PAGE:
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Gavin Bate Everest 2002 Expedition

Gavin recounts summit bid: Part Three

From Everest with Love Part 3:

But distance can be cruelly deceptive and it was over an hour before we reached the Camp 4 at 8300m, now deserted. We ducked into a tent and rested for two hours. When we made ready to leave, Will sat up and promptly vomited into his balaclava. I remember thinking to question this action but at the time I didn't. It seemed natural.

We started off again, now pressing towards the northeast ridge and now the first flush of dawn lightened the sky but of course on the north face we wouldn't feel it's warmth for many hours. We moved strongly up loose shale and up steepish snow ramps again and I remember looking down the north face and across at the broad sweep of Himalayas. It was exhilarating stuff, not easy by any means and we were certainly gasping for breath every three or four steps. My throat was so dry I just couldn't swallow and therefore couldn't speak properly. Just a whisper. Will was the same but together we moved on like insects stuck to a massive board. It is to vast, that face, I can hardly match the words to describe the feeling of being pinned to it, so high and so exposed. A slight breeze up here, just ten knots of wind, and we would have been in deep trouble. The cold would have sapped our energy in minutes.

Then a bizarre incident. We were approaching a narrow snow gully, quite steep and halfway up, quite motionless, sat a figure gazing down at us ! It, he, she, never moved and for forty minutes we clambered slowly towards this figure who just looked down at us. The last bit was a steepish rock section with myriad ropes from years past hanging off it, tat we call it, and since I was leading at that point it was my job to negotiate us both through this mess. It was extremely exhausting but I kept looking up at this figure, now obviously a man, who sat watching in complete silence. 

Eventually I got to within six feet of him and was lying semi-prone on the ground trying to muster some sort of oxygen into my lungs, and he spoke. "Do you have radio?". I nodded no, I couldn't speak; behind me I could Will like an old locomotive grunting in disbelief. "I am needing my Sherpa and I have no glasses. Have you seen him ?" I looked closer and sure enough the man wasn't wearing any glasses and his eyes had that terrible unseeing gaze of the snow-blind, the sclera an angry red. Dear God.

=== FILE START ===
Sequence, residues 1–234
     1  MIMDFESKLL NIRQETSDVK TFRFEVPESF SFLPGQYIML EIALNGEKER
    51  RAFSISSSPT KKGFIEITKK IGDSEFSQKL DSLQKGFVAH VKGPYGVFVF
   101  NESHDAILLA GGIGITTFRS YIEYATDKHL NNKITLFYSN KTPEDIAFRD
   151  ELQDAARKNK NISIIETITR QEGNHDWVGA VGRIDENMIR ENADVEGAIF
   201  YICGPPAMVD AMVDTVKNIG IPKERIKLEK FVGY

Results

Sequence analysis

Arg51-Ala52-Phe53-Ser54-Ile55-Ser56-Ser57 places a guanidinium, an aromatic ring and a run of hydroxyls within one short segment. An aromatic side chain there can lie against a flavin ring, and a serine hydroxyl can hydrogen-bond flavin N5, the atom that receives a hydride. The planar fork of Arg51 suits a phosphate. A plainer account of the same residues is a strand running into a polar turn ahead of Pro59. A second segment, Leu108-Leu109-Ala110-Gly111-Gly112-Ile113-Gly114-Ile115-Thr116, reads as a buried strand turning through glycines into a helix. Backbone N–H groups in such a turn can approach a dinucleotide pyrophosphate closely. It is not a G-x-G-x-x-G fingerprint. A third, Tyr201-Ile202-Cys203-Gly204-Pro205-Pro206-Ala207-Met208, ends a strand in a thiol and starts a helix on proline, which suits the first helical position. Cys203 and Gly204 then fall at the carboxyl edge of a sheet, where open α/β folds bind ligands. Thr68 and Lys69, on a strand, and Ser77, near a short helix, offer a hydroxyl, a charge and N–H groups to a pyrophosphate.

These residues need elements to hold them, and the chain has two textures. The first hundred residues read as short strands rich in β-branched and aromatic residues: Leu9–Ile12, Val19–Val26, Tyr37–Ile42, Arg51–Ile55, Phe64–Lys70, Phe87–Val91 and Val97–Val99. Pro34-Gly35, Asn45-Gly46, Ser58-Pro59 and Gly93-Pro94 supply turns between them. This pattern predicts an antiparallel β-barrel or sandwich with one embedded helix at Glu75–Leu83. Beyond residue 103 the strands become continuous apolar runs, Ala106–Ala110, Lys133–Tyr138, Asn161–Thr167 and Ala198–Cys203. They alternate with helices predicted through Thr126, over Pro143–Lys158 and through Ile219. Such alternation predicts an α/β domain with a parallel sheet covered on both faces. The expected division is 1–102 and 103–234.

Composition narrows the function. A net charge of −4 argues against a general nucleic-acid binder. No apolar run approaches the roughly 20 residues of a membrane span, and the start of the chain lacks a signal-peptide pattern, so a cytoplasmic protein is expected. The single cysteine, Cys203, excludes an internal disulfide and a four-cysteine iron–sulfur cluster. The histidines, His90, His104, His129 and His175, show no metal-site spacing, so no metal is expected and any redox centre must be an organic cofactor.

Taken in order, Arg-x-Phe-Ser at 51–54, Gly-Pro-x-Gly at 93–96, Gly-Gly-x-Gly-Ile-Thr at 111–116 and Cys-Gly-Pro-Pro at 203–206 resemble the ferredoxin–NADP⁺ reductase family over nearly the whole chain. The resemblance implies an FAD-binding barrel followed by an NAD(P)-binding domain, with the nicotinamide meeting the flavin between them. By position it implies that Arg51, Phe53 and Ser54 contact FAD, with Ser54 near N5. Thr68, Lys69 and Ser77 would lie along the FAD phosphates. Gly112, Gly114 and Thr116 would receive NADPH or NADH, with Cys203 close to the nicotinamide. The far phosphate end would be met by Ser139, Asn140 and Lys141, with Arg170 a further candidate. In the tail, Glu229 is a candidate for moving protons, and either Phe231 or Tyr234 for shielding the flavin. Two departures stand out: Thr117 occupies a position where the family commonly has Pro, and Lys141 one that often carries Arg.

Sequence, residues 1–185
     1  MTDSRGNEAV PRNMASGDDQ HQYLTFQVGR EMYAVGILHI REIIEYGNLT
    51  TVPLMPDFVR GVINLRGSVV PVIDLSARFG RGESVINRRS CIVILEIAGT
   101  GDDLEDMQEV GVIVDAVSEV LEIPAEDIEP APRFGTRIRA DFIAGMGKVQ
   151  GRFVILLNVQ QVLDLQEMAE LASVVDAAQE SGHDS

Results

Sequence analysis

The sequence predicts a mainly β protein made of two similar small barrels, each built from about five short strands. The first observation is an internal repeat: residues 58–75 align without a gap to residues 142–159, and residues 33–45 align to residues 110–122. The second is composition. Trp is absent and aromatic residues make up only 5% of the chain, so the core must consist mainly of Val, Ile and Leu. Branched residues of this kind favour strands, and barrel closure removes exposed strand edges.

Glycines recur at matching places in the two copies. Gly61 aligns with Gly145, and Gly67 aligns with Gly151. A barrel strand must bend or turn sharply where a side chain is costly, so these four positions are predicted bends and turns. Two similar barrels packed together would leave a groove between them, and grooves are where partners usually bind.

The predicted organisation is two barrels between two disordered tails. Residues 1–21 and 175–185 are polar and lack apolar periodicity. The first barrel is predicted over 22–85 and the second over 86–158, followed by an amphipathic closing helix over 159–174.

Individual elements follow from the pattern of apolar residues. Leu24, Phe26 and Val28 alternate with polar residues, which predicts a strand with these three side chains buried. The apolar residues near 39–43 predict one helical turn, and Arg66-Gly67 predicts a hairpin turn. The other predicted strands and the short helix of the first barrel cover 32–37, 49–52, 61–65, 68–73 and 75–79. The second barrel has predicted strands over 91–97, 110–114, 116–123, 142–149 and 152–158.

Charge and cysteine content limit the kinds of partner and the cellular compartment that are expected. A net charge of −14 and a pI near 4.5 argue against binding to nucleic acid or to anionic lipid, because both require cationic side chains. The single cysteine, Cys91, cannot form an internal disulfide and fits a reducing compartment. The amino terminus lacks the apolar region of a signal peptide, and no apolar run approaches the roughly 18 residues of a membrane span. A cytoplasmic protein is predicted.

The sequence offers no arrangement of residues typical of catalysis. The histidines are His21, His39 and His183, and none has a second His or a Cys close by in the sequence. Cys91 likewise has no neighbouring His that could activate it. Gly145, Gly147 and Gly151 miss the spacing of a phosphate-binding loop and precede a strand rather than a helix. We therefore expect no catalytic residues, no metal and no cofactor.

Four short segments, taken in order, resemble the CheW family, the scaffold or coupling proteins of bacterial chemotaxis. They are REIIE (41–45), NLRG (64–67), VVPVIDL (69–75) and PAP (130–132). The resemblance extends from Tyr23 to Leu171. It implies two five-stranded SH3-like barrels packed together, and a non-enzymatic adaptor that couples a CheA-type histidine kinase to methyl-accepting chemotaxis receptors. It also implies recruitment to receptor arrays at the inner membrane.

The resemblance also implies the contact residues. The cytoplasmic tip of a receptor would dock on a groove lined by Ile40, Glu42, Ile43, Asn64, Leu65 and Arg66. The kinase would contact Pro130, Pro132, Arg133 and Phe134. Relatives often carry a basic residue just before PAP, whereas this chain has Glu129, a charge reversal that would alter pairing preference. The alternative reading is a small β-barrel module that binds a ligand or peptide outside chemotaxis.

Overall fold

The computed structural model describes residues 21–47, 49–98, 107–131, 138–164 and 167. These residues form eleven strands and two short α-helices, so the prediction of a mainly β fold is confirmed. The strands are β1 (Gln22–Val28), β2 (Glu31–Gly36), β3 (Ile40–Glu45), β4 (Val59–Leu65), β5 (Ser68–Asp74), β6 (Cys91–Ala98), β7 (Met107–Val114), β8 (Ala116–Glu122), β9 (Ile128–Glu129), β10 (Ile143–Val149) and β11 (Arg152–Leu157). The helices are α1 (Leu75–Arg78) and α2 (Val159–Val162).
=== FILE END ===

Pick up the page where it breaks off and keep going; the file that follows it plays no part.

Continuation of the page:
It turned out that he could see, just. We put him on the rope, made sure he was safe and told him to descend slowly to camp. Off he went. As we watched he seemed to negotiate himself quite well, the sun wasn't on us yet and we felt he would  be okay. But why come out here without sunglasses ?

The route continued ever upwards towards the exit cracks that led onto the northeast ridge. But it was never-ending. I could see Will hunched in frustration, his head occasionally nodding; by now I know every nuance of his moves and gestures and he mine. We had reached a pinnacle of teamwork up here that is absolutely essential. It requires no words, sometimes just a look. There is tremendous security to be had from this, and I'm sure there are few situations on earth where it becomes to important. We couldn't talk to each other, words were minimal, gestures plain. It is one of the reasons I love expeditions so much, that degree of companionship and trust and friendship is so strong that it lasts a lifetime. People don't realize that out there, without the securities and comforts of home, you are only left to rely on your own resources and often they are just your respective characters. Challenges force that, and there on Everest, on the final slopes, we were quite literally as one. Ask any high altitude mountaineer and they will concur.

Then suddenly we popped out on top of the ridge, and narrow it is too. Will was ahead and I suddenly saw him, like an angel, bathed in the mid-morning light. I was about twenty feet behind him and experience a sudden jealousy - I wanted to be there ! He looked down and pointed outwards. "Gav!" he croaked, "Oh Jeez Gav look, Makalu !, the south side ! Oh my God !". I wanted to just race up those last steps and say "Oh yeah !" but I couldn't, my body just refused. Patience is a virtue on Everest ! 

Then I was there and the view was with me. Will and I just stood and looked. I completely welled up. The last time I had stood and looked down on Makalu, fifth highest peak in the world, was on the 16th May 2000 with Andy Salter. Now on the northeast ridge, literally a couple of hundred yards away, I was staring at the same sight. On either side of this fantastic ridge, snow and rock covered but narrower than you would think for such  a huge mountain, were the Himalayas. Like a vast topographical carpet of mountains laid out in ranks, disappearing off onto the horizons in all directions. 

"Kanchenjunga!" gasped Will, clearly having an emotional moment, and yes there it was in the distance. Possibly my next mountain, I thought. And cutting a triangle, clear and shining in the sun, between the two sides of the world it seemed, was the last couple of hundred meters of Everest itself, an easy snow slope. I could see the summit ! There it was and all of a sudden after all the weeks of work and preparation, I knew it was ours to reach. Will was obviously thinking the same too because he started off. We were going to the top of the world !

Part 4 to follow.... Stay tuned

Part one is here.

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A drop of many thousands of feet down the north face outside our tent at Camp3, unbelievably windy and exposed.